Suffice it to say, this is the most depressing anniversary yet of the Egyptian uprising. Somehow, the country has managed in the last three years not only to make no societal progress, but to actually regress to a situation that in many ways is worse than the Mubarak-era status quo. A cursory rundown of recent events highlight the utter absurdity of public discourse since the July 3rd coup.
We’ve always been at war with the Muslim Brothers
In order to fashion themselves as heroes, the military had to be sure to cast the role of State Villains. This process was well underway in the lead up to last year’s June 30 protest and was subsequently amped up – by orders of magnitude – in the aftermath of Morsi’s overthrow. That summer, “news” programs regularly affixed a banner with some variation of “Egypt Fights Terrorism” to the broadcast ticker (a trend that still continues). In case that graphic proved too subtle, stations began producing promos accusing the Brotherhood of carrying out a holocaust (complete with spelling and syntax about as dreadful as their journalistic integrity). All this was a prelude, of course, to the official word from on high proclaiming the Muslim Brotherhood a terrorist organization – that’s when surreality really took hold.
Blacklisting a significant segment of the Egyptian population has emboldened conspiracy theorists, prosecutors, and the broader state security apparatus. The result at times has been patently bizarre, such as the accusation that a well-known puppet – yes, an actual puppet – was conveying instructions for a terrorist plot through seemingly innocuous dialogue (only to the untrained ear, of course) for a Vodafone commercial. More troubling is the virtual institutionalization of Thought Crimes, wherein a schoolboy is jailed for have a “R4BIA” sign on his ruler, posting the symbol to your Facebook profile can get you up to 5 years in prison, and criticizing the Egyptian judiciary on Twitter is outlawed. Most distressing, however, is the brazen incarceration and indictments of practically any and all vocal critics of the regime – not simply Brotherhood leaders, but also liberal/secular activists and prominent academics. All this as the interim president glibly declares that Egypt is no longer a police state.
He who controls the past, controls the future. He who controls the present, controls the past.
Not content with merely limiting the range of acceptable thoughts, Egyptian authorities and their media enablers are busy delimiting the nation’s cache of acceptable memories. To be sure, throughout any transitional period, historical revisionism is going to be the norm. “Facts” will ebb and flow as various parties see fit to cast them to their advantage. The Muslim Brotherhood’s role during the early stages of the uprising has been a particular flashpoint. The politicization of the historical record (again, especially as it concerns the MB) is even evident in the Oscar-nominated documentary “The Square.”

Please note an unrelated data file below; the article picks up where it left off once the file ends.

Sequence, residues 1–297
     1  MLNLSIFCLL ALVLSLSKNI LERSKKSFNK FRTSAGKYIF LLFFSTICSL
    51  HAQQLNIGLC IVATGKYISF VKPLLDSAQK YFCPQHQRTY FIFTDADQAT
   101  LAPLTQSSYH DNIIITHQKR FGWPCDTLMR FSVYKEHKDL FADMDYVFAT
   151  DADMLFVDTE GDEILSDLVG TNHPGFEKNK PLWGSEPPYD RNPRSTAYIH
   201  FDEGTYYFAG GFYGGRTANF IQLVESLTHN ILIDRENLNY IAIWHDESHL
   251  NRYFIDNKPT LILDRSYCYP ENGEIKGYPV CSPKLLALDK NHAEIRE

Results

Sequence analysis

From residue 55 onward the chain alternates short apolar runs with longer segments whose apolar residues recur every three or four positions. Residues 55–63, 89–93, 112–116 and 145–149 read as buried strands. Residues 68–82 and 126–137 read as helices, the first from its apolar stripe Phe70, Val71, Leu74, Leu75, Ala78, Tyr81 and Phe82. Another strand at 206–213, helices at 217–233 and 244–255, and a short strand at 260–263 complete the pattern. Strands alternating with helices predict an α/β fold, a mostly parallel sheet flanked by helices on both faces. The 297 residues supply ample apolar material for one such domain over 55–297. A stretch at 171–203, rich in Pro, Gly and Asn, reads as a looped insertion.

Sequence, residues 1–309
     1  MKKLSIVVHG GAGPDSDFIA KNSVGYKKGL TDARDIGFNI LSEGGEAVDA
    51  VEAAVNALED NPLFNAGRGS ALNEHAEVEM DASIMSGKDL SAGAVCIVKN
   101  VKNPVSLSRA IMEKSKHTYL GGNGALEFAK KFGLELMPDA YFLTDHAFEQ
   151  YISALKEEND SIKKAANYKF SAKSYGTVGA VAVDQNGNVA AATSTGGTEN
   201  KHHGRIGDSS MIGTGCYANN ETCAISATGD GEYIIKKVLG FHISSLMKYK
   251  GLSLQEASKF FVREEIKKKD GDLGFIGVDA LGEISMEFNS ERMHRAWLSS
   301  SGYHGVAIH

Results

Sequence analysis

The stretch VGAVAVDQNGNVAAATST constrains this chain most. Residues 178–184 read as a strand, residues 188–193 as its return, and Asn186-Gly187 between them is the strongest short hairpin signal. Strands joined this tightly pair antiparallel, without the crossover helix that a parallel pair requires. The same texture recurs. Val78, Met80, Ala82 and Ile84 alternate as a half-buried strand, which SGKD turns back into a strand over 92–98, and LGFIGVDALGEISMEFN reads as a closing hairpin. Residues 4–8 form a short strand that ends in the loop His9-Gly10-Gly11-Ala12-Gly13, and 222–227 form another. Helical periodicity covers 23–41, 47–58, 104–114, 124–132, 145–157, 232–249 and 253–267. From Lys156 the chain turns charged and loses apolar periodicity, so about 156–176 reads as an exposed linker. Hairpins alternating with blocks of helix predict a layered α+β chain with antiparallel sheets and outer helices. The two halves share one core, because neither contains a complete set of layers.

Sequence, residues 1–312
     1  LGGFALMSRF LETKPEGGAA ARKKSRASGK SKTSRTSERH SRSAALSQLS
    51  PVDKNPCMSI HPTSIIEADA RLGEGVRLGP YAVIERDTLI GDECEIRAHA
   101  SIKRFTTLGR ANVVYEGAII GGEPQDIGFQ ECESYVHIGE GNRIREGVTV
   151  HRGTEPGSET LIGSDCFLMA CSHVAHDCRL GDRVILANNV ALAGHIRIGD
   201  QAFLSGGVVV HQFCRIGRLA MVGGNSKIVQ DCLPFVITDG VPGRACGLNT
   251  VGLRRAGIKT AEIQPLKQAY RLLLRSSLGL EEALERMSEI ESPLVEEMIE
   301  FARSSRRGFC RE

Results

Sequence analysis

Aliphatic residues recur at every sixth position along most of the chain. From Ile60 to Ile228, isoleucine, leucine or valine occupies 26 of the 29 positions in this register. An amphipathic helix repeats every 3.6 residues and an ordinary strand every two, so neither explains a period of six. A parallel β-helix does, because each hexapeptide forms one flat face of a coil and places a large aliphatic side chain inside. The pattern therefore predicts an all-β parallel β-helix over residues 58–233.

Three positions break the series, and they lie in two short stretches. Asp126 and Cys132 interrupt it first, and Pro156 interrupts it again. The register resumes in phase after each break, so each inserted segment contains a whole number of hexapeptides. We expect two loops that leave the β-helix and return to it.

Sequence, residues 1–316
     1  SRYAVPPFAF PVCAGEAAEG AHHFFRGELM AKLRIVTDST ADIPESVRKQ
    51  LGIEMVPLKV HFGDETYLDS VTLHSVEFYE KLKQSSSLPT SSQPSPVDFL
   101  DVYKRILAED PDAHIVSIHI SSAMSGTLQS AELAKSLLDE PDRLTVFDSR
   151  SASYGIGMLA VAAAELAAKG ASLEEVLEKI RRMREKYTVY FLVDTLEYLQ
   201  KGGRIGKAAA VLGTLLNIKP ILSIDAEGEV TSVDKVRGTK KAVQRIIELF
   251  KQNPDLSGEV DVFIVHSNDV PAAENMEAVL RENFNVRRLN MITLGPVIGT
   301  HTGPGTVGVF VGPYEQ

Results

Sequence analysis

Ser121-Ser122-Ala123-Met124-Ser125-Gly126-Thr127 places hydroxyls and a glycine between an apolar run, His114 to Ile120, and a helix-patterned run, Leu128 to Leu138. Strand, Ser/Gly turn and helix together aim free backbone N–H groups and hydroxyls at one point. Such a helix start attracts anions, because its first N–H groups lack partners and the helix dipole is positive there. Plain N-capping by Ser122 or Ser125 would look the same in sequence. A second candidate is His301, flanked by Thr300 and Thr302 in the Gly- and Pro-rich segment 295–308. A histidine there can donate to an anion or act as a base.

Yet the tactics and reach of bloggers, spokespeople, or even acclaimed filmmakers pale in comparison to the power of the state to re-write the recent past. This includes, of course, the military’s role in atrocities committed at Mohammed Mahmoud and Rabia Al-Adawiyyah. With little fanfare, too, the memory of the martyr that helped spark the uprising is being tarnished and effaced. And so, this demonization of the Brotherhood and revolutionary symbols, coupled with the whitewashing of the army’s crimes now allows, in an obscene turn of events, the interior ministry (the original target of all the anger on January 25, 2011) to call for celebrations and rallies commemorating the “glorious revolution.”
Sisi, Egypt’s doubleplusgood leader
No variation on an Orwellian theme is complete without mass delusion and submission, and Egypt is no different. Were that these absurdities were seen as evidence of the regime’s loose grip on reality. Were that these human rights violations and violent crackdowns were viewead with the indignation they rightfully deserve. As it is, not only is a large portion of the Egyptian populace (at least a plurality and likely a majority) content with the direction the country is headed, but they are looking to double-down with calls for the Defense Minister (and de facto state leader), Gen. Abdel Fatah El Sisi, to run in the country’s next presidential elections. Between state officials dubbing Sisi Egypt’s De Gaulle, musicians producing anthems proclaiming “We Want You (O Sisi),” and media outlets generally fawning over the general’s bravado, it is hard to imagine that he would not win in a landslide should he decide to throw his Soviet-era army hat into the ring.
So where does that leave the rest of us who have eschewed the false dichotomy of security vs. freedom? Sadly, I fear that an already long, dark road after Mubarak’s fall has grown exponentially longer and darker. As I conclude this piece, news of multiple explosions in Cairo is hitting the wire. No doubt anger will be focused almost exclusively on the MB and their sympathizers. Likely, a crackdown will ensue, providing more motivation for extremists to resort to violence, and so the spiral downward will go on ad infinitum. Along the way, the vitriol will only increase and the impression that Egypt needs a strong, military leader to pull it out of its depressed state will grow stronger.
It’s hard to imagine when there will once again be room for good faith debate and meaningful dialogue in Egypt.
It’s hard to imagine when we can once again celebrate #Jan25 and all that it stands for, rather than lament all it has momentarily been co-opted to mean.